Currently working on a project where Subversion is the CM system of choice. I'd like to use git, as it's faster and doesn't require so much network access. Plus, I'm hoping when it comes time to merge, I can simplify the entire process by using git's allegedly superior merging technique. At any rate, I've got a branch on SVN to work on, and I want to track both that branch and the entire svn tree.
Saturday morning, I did a git-svn init from their repository. Today, after lunch, it finished. After doing a git-gc to clean up the checkout, it wasn't clear how to connect branches. Following is what I did (assume my subversion branch is branches/FOO):
The first thing creates a new branch called "local-trunk" started at "trunk" (which is the remote branch mapping to the subversion main trunk). The second command creates a new branch called "local-foo", which is rooted at remote branch "FOO". I have no clue why I couldn't do the same thing twice, as both commands seem to do the same thing (the first switches to the branch "local-trunk" after creating it). But, this is what worked for me.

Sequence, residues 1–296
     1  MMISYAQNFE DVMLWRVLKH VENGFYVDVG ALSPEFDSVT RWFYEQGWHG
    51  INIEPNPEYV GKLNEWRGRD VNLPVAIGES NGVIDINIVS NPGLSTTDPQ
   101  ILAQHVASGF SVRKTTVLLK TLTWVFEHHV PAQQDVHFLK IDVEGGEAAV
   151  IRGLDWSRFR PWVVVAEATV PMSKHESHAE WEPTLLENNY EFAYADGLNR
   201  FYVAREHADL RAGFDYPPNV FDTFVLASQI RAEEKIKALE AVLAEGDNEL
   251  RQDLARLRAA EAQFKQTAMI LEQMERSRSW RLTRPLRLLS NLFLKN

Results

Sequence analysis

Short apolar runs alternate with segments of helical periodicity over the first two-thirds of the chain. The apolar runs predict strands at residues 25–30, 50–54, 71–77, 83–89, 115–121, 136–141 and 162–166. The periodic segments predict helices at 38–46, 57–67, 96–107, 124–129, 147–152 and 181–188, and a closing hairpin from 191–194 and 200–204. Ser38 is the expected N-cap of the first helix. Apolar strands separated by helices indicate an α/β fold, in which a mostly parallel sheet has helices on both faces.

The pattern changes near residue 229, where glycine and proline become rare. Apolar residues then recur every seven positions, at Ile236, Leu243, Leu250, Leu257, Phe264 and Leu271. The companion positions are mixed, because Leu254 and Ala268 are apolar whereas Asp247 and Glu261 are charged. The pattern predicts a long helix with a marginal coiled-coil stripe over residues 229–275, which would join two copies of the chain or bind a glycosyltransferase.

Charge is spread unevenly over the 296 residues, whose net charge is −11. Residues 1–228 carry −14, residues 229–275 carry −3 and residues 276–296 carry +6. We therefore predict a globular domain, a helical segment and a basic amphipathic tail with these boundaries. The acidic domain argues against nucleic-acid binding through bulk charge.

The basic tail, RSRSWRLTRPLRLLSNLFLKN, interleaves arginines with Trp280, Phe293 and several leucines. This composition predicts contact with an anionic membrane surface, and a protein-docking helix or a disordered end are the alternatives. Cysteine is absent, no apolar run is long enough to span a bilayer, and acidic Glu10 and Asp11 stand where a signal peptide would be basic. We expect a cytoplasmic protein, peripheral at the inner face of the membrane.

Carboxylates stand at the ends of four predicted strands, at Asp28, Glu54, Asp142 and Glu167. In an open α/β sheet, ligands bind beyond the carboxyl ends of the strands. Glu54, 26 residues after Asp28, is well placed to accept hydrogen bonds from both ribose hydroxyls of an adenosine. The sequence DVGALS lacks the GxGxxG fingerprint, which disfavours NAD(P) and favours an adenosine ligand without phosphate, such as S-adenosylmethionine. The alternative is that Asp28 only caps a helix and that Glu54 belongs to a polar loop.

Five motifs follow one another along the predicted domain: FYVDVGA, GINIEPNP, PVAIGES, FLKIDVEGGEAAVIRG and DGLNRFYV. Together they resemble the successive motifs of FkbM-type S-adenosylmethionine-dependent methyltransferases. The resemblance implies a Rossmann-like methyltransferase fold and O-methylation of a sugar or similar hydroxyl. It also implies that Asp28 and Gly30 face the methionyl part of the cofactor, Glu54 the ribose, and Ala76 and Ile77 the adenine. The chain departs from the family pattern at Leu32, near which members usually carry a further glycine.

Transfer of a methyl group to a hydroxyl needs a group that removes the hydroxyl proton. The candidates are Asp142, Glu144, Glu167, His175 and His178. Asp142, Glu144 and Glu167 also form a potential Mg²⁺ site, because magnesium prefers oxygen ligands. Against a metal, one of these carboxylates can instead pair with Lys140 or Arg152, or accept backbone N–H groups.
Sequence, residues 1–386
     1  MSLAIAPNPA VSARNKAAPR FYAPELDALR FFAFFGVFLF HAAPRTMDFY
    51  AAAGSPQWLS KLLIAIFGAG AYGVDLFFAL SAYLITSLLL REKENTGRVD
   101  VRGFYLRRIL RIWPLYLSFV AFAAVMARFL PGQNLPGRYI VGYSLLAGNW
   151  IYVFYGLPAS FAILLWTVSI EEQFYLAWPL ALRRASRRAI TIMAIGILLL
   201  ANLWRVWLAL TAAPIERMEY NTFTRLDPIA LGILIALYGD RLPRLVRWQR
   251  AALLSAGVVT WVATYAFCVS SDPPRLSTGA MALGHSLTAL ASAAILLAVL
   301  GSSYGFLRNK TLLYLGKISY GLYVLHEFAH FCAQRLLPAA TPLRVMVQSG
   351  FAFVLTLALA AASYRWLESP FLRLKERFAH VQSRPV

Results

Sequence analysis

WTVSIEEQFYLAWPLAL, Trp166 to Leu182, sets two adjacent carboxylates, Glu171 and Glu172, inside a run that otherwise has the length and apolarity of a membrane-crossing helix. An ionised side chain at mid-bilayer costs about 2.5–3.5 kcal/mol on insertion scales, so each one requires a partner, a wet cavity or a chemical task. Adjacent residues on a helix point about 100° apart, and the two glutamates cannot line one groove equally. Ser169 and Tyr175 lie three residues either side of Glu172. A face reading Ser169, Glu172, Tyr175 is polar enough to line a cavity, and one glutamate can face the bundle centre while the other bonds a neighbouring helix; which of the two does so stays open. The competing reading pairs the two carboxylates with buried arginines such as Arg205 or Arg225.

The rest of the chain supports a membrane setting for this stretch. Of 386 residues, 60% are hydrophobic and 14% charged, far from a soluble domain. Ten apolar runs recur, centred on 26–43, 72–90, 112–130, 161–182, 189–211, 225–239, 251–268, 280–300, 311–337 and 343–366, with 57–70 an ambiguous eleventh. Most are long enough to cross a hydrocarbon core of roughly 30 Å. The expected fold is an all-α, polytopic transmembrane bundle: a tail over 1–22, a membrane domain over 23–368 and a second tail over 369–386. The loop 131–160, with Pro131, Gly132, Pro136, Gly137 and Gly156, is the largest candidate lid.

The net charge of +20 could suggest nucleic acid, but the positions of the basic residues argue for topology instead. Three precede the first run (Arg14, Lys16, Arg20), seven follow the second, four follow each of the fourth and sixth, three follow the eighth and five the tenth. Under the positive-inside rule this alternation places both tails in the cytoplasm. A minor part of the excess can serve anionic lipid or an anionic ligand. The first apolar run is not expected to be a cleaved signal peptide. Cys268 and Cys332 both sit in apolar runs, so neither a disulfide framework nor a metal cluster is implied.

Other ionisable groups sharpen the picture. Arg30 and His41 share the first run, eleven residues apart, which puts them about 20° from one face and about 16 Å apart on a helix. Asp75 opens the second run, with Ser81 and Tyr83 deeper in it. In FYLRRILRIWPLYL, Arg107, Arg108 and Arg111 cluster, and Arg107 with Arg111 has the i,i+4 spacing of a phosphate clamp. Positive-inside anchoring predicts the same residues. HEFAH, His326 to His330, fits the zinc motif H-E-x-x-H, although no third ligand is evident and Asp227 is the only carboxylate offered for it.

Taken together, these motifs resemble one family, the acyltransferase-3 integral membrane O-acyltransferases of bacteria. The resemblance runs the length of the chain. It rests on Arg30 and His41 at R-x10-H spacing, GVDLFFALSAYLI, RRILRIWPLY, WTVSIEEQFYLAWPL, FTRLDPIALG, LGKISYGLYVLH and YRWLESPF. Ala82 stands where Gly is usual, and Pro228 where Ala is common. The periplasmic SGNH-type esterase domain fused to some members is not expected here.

Now, to develop, I git checkout local-foo and commit all day long. a git-svn dcommit will send my changes to subversion on the FOO branch. I can update the trunk via git checkout local-trunk and git-svn rebase. My hope is that I can merge from the trunk to my branch periodically and then, when my code is merged to the trunk, things will be pretty much done and ready to go. We'll see.
On a side note, the git repository, which contains every revision of every file in the subversion repository is 586,696 bytes. The subversion checkout of just the FOO branch is 1,242,636 bytes; over double the size, and there's still not enough info in that checkout to do a log or diff between versions.
git-checkout -b local-trunk trunk
git branch local-foo FOO